This year of course has been a slower space, so we have been able to allocate time to complete all the things we never would usually have time to do – sorting through our event hardware boxes and an overhaul of the office were the initial tasks, but we have been busy doing lots of COVID planning for businesses.  We are working on a Strategic Business Plan for Sweet Days Hot Nights festival in North Queensland.  We have also provided a range of ‘value added’ tasks such as grant applications for artistic concepts we developed, something we would not normally have time to do.  It has also given me time to catch up with our friends and suppliers in the industry and bounce ideas off each other on how to pivot during these challenging times.

Working with my daughters, I make a conscious decision to limit work talk over family dinners. It’s important to differentiate between work and personal time, when the magic happens all in the same place.

Tell us in your words, what is it that you do? 

Our team specialises in delivering large outdoor celebrations, anything from 200 people to 250,000 people. We are proud to work with award winning clients, who trust us to deliver major events mainly across South East Queensland.  But we equally love working on smaller projects, where clients trust us to deliver unique and boutique experiences.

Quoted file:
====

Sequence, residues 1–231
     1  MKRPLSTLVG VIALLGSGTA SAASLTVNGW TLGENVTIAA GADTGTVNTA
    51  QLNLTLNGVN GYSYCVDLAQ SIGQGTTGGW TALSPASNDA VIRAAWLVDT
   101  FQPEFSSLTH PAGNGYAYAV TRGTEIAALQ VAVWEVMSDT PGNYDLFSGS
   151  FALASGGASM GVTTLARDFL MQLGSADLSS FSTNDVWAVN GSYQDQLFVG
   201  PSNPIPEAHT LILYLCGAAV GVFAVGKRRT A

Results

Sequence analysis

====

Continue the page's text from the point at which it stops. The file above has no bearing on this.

A normal year for us is around 13 major projects, best described as organised chaos!  We are a small team, so juggling multiple projects at once is something that the team have to be experts at. With the majority of our projects cancelled due to COVID, I often wonder how we managed to pull everything off, as we still seem to be busy!

We offer a full suite event management service, from the original concept creation to event execution and management. Some of our events involve a 10-month lead time, so I think the most rewarding part is when the event is underway and everyone is having such a good time. It makes all the pre-planning and hard work worth it.

The other side of the business is mentoring and consultancy for a variety of events in regional and city centres of Queensland. This is definitely a passion of mine to help regional communities grow their events. I am often impressed at what is delivered on smaller budgets and far fewer resources.

What’s been the most challenging lesson you’ve learnt?

Producing Riverfestival’s Dinner on the bridge saw significant planning to achieve a bump in/out on 2 bridges never seen before, certainly in Queensland.  The important lesson for all was that we had to be 1 army that built the bridges together in 45mins – full of all infrastructure for the restaurants to then roll on and do their bit in 30mins and be ready for service of 3000 people.